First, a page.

Differentiation of nitrous oxide emission factors for agricultural soils

Alterra, Wageningen UR, P.O. Box 47, 6700 AA Wageningen, The Netherlands.
Environmental Pollution (Impact Factor: 3.9). 04/2011; 159(11):3215-22. DOI: 10.1016/j.envpol.2011.04.001
Source: PubMed

ABSTRACT Nitrous oxide (N(2)O) direct soil emissions from agriculture are often estimated using the default IPCC emission factor (EF) of 1%. However, a large variation in EFs exists due to differences in environment, crops and management. We developed an approach to determine N(2)O EFs that depend on N-input sources and environmental factors. The starting point of the method was a monitoring study in which an EF of 1% was found. The conditions of this experiment were set as the reference from which the effects of 16 sources of N input, three soil types, two land-use types and annual precipitation on the N(2)O EF were estimated. The derived EF inference scheme performed on average better than the default IPCC EF. The use of differentiated EFs, including different regional conditions, allows accounting for the effects of more mitigation measures and offers European countries a possibility to use a Tier 2 approach.

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Article: Differentiation of nitrous oxide emission factors for agricultural soils

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    • "Differences in seasonal soil N 2 O emission across CRM treatments were expected, with changes in soil water content, soil temperature, and N rates. These are factors that influence soil N 2 O emissions through change in nitrification and denitrification process (Lesschen et al., 2011; Sainju et al., 2012; Al-Kaisi and Yin, 2005; Mosier et al., 2002). Differences in seasonal soil mineral N concentration, soil water content, and soil temperature were observed between two years (Figs. 2 and 3 "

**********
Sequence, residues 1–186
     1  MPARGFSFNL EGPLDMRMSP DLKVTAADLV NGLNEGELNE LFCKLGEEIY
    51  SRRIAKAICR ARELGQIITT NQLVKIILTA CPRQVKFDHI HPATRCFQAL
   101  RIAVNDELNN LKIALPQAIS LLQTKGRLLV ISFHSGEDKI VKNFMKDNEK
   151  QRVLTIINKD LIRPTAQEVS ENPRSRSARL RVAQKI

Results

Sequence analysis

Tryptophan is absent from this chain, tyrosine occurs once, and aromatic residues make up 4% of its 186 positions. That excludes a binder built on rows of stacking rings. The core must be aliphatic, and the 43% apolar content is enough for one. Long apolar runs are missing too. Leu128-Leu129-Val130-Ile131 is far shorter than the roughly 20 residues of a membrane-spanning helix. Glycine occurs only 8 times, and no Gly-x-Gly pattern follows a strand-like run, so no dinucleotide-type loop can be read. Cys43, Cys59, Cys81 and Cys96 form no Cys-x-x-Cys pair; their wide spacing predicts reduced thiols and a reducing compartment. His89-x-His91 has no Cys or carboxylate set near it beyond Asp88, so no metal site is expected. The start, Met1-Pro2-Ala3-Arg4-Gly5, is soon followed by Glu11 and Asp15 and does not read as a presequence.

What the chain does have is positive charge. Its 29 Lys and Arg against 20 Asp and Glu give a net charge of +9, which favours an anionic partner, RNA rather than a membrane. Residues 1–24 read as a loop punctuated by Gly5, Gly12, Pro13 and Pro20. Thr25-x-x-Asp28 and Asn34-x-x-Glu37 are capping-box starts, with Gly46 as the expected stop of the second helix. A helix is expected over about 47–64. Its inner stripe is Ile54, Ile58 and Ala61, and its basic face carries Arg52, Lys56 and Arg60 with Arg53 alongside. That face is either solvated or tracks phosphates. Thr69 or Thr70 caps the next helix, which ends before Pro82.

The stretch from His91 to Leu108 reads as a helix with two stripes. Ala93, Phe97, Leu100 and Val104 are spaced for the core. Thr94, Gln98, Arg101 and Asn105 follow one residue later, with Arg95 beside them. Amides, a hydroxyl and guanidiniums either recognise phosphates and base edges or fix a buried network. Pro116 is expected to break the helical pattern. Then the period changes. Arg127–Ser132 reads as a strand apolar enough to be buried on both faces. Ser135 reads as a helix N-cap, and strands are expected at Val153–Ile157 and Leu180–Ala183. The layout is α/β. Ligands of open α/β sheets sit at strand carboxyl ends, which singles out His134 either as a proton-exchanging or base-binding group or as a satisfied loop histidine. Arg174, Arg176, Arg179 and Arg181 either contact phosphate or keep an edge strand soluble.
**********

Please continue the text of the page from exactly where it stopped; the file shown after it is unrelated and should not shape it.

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    ABSTRACT: In-field management practices of corn cob and residue mix (CRM) as a feedstock source for ethanol production can have potential effects on soil greenhouse gas (GHG) emissions. The objective of this study was to investigate the effects of CRM piles, storage in-field, and subsequent removal on soil CO2 and N2O emissions. The study was conducted in 2010–2012 at the Iowa State University, Agronomy Research Farm located near Ames, Iowa (42.0°′N; 93.8°′W). The soil type at the site is Canisteo silty clay loam (fine-loamy, mixed, superactive, calcareous, mesic Typic Endoaquolls). The treatments for CRM consisted of control (no CRM applied and no residue removed after harvest), early spring complete removal (CR) of CRM after application of 7.5 cm depth of CRM in the fall, 2.5 cm, and 7.5 cm depth of CRM over two tillage systems of no-till (NT) and conventional tillage (CT) and three N rates (0, 180, and 270 kg N ha−1) of 32% liquid UAN (NH4NO3) in a randomized complete block design with split–split arrangements. The findings of the study suggest that soil CO2 and N2O emissions were affected by tillage, CRM treatments, and N rates. Most N2O and CO2 emissions peaks occurred as soil moisture or temperature increased with increase precipitation or air temperature. However, soil CO2 emissions were increased as the CRM amount increased. On the other hand, soil N2O emissions increased with high level of CRM as N rate increased. Also, it was observed that NT with 7.5 cm CRM produced higher CO2 emissions in drought condition as compared to CT. Additionally, no differences in N2O emissions were observed due to tillage system. In general, dry soil conditions caused a reduction in both CO2 and N2O emissions across all tillage, CRM treatments, and N rates.